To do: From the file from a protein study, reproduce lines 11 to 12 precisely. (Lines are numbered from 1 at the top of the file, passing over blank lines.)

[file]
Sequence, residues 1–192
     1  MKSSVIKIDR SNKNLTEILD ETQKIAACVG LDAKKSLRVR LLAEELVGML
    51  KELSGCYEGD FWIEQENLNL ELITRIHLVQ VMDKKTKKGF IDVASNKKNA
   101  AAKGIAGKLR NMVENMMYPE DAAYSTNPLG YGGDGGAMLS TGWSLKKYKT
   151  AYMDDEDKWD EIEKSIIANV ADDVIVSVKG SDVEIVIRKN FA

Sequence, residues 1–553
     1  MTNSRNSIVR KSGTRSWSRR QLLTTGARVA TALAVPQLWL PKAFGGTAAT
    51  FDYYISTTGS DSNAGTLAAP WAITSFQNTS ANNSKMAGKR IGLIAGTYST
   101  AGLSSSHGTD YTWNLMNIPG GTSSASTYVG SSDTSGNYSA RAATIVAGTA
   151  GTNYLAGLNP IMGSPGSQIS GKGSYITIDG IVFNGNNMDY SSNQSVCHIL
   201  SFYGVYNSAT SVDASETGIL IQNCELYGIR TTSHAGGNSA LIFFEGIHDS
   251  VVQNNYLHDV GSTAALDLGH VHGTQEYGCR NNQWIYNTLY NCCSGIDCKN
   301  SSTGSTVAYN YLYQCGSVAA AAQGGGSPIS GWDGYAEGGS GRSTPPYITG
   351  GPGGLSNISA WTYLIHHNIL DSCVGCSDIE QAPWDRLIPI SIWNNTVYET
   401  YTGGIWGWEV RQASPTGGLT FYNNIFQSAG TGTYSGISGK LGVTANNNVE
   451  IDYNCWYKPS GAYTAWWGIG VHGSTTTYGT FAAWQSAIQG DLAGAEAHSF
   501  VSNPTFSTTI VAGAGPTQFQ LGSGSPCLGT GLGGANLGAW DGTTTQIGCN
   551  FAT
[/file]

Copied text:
   201  SFYGVYNSAT SVDASETGIL IQNCELYGIR TTSHAGGNSA LIFFEGIHDS
   251  VVQNNYLHDV GSTAALDLGH VHGTQEYGCR NNQWIYNTLY NCCSGIDCKN